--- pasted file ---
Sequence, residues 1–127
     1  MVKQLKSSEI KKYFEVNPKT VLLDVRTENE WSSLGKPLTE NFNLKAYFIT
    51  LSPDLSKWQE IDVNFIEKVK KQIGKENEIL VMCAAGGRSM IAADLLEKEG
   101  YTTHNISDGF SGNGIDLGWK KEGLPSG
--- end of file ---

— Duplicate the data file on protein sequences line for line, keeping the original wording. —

Sequence, residues 1–127
     1  MVKQLKSSEI KKYFEVNPKT VLLDVRTENE WSSLGKPLTE NFNLKAYFIT
    51  LSPDLSKWQE IDVNFIEKVK KQIGKENEIL VMCAAGGRSM IAADLLEKEG
   101  YTTHNISDGF SGNGIDLGWK KEGLPSG